In cases of Hirschsprung's disease, the areas of the colon missing the ganglia nerve cells often appear narrowed. A follow-up exam 24 hours later may show remaining barium in the colon. This problem passing the barium may also indicate Hirschsprung's disease.

Manometry. This test is typically done on older children and adults. During the test, the doctor inflates a balloon inside the rectum. The anal muscle should relax as a result. If it doesn't, Hirschsprung's disease may be the cause.
Biopsy. The doctor surgically removes a sample of tissue from the colon for study under a microscope. He or she looks for evidence of missing ganglia nerve cells, which would indicate Hirschsprung's disease.

In rectal suction biopsy , the doctor removes some cells from the mucous lining of the colon by using a suction device. Because this doesn't involve cutting into the colon tissue, no anesthesia is necessary. If the biopsy shows that ganglia are present, Hirschsprung's disease is not diagnosed. If no ganglia cells are seen in the sample tissue, a full-thickness biopsy is needed to confirm Hirschsprung's disease.

In full-thickness biopsy , more tissue from deeper layers of the colon is removed surgically or through rectal suction for study under the microscope. Absence of ganglia cells indicates Hirschsprung's disease.

Treatments and drugs
Surgery is the only proven, effective treatment for Hirschsprung's disease. The procedure is called pull-through surgery and involves removing the section of the colon that has no ganglia cells, then connecting the remaining healthy end of the colon to the rectum.

Sometimes pull-through surgery is done in one step immediately after diagnosis. Other times, a doctor may choose to complete the process in two steps. First, the doctor will remove the abnormal portion of the colon without ganglia cells, and perform an ostomy. This involves creating a small hole (stoma) in the child's abdomen and connecting the top, healthy portion of the colon to the stoma. Stool then leaves the body through the stoma into a bag that attaches to it, allowing the lower part of the colon to heal. A stoma bag must be emptied several times a day. Ostomy may include:

Ileostomy. In ileostomy, the doctor removes the entire colon and connects the small intestine to the stoma.
Colostomy. In colostomy, the doctor leaves part of the large intestine and attaches this to the stoma.
Later, after allowing time for the child to recover from the first surgery, the doctor will close up the stoma and perform a second surgery to connect the healthy portion of the colon to the rectum.

Complications of surgery
After surgery, most children pass stool normally. Some may experience diarrhea initially, but after some time stool will become more solid. Toilet training may take longer because some children have difficulty coordinating the muscles used to pass stool. This improves with time in most children. Constipation may continue in some children, although laxatives should help. Eating high-fiber foods also can help with diarrhea and constipation.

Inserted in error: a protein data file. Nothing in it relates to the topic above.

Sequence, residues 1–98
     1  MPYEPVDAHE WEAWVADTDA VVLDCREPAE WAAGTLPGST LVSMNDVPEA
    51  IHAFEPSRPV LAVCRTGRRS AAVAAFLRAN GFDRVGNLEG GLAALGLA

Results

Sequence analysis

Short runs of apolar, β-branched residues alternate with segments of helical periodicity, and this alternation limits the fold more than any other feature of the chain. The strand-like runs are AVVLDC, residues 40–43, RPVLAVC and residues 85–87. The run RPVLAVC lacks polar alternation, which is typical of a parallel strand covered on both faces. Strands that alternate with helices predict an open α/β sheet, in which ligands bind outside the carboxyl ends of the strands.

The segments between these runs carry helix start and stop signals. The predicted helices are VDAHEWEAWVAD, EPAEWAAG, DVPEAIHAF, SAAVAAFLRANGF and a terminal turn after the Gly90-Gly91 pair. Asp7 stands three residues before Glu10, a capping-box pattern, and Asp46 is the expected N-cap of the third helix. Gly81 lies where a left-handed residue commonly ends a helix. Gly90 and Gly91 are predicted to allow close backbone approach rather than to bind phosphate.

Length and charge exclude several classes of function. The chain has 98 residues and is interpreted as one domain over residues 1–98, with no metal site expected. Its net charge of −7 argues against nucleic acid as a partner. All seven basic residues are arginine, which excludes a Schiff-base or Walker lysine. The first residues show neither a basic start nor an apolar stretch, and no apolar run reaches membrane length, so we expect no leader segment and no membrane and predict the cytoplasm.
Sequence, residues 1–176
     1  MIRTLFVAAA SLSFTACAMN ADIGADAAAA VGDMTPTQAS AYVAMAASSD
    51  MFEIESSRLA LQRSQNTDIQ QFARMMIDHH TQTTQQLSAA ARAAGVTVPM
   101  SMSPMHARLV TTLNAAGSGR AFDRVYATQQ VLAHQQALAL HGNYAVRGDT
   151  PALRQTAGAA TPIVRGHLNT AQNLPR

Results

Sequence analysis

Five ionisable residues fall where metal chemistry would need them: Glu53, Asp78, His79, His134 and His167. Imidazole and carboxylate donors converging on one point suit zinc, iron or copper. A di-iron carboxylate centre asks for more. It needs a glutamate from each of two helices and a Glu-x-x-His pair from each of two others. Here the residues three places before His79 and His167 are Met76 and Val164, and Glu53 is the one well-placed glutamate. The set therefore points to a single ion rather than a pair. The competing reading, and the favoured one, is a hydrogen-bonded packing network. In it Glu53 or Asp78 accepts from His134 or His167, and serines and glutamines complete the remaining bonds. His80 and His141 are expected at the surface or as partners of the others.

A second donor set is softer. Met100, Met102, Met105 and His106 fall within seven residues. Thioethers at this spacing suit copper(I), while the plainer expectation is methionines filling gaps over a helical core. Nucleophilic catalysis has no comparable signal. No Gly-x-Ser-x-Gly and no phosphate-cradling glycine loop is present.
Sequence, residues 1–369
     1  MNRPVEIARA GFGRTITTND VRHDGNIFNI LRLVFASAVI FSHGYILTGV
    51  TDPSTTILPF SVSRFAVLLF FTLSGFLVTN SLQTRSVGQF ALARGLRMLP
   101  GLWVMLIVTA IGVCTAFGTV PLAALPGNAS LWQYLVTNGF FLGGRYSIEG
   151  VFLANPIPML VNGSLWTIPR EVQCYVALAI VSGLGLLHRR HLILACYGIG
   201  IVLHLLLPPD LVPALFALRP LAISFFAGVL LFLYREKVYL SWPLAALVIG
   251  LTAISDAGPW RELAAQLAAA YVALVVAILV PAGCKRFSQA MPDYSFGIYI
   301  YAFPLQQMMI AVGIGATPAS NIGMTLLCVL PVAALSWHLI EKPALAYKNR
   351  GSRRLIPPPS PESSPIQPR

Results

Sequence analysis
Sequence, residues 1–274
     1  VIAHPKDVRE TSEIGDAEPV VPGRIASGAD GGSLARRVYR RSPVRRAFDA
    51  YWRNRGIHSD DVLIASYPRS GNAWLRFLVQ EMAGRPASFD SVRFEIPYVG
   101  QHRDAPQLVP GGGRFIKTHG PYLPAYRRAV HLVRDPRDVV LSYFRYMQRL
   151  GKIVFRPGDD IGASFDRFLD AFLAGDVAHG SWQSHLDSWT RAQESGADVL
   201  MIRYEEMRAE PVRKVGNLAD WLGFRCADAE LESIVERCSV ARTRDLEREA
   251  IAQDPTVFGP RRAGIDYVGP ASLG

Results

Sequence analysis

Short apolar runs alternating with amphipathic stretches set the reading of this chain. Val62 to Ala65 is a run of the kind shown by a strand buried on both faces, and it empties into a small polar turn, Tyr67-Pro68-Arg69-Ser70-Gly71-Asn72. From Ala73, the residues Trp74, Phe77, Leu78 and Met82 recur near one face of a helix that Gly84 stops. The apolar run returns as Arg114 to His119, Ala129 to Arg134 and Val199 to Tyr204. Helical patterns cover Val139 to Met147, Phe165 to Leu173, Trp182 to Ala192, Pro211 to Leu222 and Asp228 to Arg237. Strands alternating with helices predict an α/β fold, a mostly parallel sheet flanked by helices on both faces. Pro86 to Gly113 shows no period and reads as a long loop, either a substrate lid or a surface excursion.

A child is also at risk of developing enterocolitis in his or her colon or small intestine after surgery. Be aware of signs and symptoms of enterocolitis, and call the doctor immediately if any of these occur:

Swollen abdomen
Bleeding from the rectum
Lifestyle and home remedies
Most children with Hirschsprung's disease go on to live a normal life. However, because the colon absorbs much of the water and salt the body needs and a child's colon is shortened during surgery, he or she may not get all the fluids needed. You may need to ensure your child drinks more fluid.

Hirschsprung's disease can lead to malnutrition and weight loss, especially in very young children. Some children may need tube feedings to get adequate nutrients. How long this is necessary varies with how severe the disease is, how old the child is when diagnosed and what types of complications, such as enterocolitis, have occurred.

Tuesday, December 15, 2009

Time to try and catch up...

Sunday was my 1/2 Marathon in Dallas and it went pretty good (if only I wouldn't have stopped to pee I would have beat my 1st 1/2 time but I guess that is what PBB - "Post Baby Blatter" does to you!!) I finished in a strong 2:15 but really wished that I could have made my goal of under 2:11 but I FINISHED healthy and strong!

Yesterday was a hard day... Emma had her first procedure at Cook's (rectal suction biopsy). I think it may have been harder on me than on her. She was all smiles to the doctors and nurses (her normal HAPPY self) so we had to hand her off and give her to the nurses while we waited in the waiting room for the procedure to be done. it only took about 15 minutes but that was the hardest 15 minutes of my life! I kept watching the door... finally it opened and a nurse was standing there holding my teary-eyed baby. I jumped up and meet them and she reached for me and hugged my kneck (BEST feeling ever!)

Waiting to hear back from Dr. Keng (GI) with results but we still have one more step to this process, Next Monday we have a bariom enema and X-Ray. I am just ready to make her feel better and me stop worrying! Lots of prayers for the BEST!

Can't believe it is almost Chirstmas, too!

Thursday, December 10, 2009

... two front teeth for Christmas!!

Happy BABY!!

She is walking and it is looking like she will have both top teeth for Christmas!!

Love this time of year... cold weather, hot chocolate and family!

Busy weekend this weekend... JWC Christmas tonight, Girls Christmas on Friday and Leave for Dallas 1/2 Marathon Saturday for Sunday.